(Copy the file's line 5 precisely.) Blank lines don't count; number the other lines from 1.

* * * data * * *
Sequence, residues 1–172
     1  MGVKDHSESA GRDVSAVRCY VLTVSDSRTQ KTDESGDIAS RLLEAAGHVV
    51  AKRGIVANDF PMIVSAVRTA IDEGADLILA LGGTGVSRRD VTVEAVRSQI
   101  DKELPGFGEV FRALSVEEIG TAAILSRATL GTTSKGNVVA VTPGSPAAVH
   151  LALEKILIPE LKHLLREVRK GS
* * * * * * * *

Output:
   151  LALEKILIPE LKHLLREVRK GS